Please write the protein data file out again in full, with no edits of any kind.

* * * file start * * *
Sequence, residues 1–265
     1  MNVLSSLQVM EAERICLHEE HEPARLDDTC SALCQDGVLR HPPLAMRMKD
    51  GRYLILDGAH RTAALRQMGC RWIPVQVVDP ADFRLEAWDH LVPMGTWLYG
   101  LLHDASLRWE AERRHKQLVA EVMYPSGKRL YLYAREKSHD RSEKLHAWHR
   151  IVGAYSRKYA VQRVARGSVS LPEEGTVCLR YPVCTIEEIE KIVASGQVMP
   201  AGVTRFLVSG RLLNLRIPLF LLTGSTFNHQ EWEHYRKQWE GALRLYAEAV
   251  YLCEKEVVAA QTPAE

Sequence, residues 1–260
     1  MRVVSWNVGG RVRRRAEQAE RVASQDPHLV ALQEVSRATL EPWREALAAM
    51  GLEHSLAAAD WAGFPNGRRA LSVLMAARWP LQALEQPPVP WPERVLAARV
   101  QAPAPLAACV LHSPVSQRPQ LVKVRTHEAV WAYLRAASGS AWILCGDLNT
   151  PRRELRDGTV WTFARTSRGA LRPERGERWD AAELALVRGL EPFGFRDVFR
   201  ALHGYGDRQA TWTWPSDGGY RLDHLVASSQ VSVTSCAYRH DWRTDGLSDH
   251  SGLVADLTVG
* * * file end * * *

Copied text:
Sequence, residues 1–265
     1  MNVLSSLQVM EAERICLHEE HEPARLDDTC SALCQDGVLR HPPLAMRMKD
    51  GRYLILDGAH RTAALRQMGC RWIPVQVVDP ADFRLEAWDH LVPMGTWLYG
   101  LLHDASLRWE AERRHKQLVA EVMYPSGKRL YLYAREKSHD RSEKLHAWHR
   151  IVGAYSRKYA VQRVARGSVS LPEEGTVCLR YPVCTIEEIE KIVASGQVMP
   201  AGVTRFLVSG RLLNLRIPLF LLTGSTFNHQ EWEHYRKQWE GALRLYAEAV
   251  YLCEKEVVAA QTPAE

Sequence, residues 1–260
     1  MRVVSWNVGG RVRRRAEQAE RVASQDPHLV ALQEVSRATL EPWREALAAM
    51  GLEHSLAAAD WAGFPNGRRA LSVLMAARWP LQALEQPPVP WPERVLAARV
   101  QAPAPLAACV LHSPVSQRPQ LVKVRTHEAV WAYLRAASGS AWILCGDLNT
   151  PRRELRDGTV WTFARTSRGA LRPERGERWD AAELALVRGL EPFGFRDVFR
   201  ALHGYGDRQA TWTWPSDGGY RLDHLVASSQ VSVTSCAYRH DWRTDGLSDH
   251  SGLVADLTVG